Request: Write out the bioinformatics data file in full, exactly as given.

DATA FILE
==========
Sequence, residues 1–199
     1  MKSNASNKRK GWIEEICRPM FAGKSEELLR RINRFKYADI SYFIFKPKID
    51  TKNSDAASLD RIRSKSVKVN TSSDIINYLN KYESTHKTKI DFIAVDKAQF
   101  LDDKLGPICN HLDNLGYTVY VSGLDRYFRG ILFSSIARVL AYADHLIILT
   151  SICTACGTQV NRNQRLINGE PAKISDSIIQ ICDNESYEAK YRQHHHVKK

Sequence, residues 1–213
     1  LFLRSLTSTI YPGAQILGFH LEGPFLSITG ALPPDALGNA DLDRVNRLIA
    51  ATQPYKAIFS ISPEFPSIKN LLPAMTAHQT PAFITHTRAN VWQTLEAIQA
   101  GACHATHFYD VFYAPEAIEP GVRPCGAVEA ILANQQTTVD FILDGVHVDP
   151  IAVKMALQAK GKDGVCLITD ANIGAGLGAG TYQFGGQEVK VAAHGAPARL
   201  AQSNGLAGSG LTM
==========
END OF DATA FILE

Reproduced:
Sequence, residues 1–199
     1  MKSNASNKRK GWIEEICRPM FAGKSEELLR RINRFKYADI SYFIFKPKID
    51  TKNSDAASLD RIRSKSVKVN TSSDIINYLN KYESTHKTKI DFIAVDKAQF
   101  LDDKLGPICN HLDNLGYTVY VSGLDRYFRG ILFSSIARVL AYADHLIILT
   151  SICTACGTQV NRNQRLINGE PAKISDSIIQ ICDNESYEAK YRQHHHVKK

Sequence, residues 1–213
     1  LFLRSLTSTI YPGAQILGFH LEGPFLSITG ALPPDALGNA DLDRVNRLIA
    51  ATQPYKAIFS ISPEFPSIKN LLPAMTAHQT PAFITHTRAN VWQTLEAIQA
   101  GACHATHFYD VFYAPEAIEP GVRPCGAVEA ILANQQTTVD FILDGVHVDP
   151  IAVKMALQAK GKDGVCLITD ANIGAGLGAG TYQFGGQEVK VAAHGAPARL
   201  AQSNGLAGSG LTM